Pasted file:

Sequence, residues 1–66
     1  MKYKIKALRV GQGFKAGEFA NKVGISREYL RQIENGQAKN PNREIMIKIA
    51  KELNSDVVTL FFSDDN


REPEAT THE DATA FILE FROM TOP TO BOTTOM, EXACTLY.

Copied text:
Sequence, residues 1–66
     1  MKYKIKALRV GQGFKAGEFA NKVGISREYL RQIENGQAKN PNREIMIKIA
    51  KELNSDVVTL FFSDDN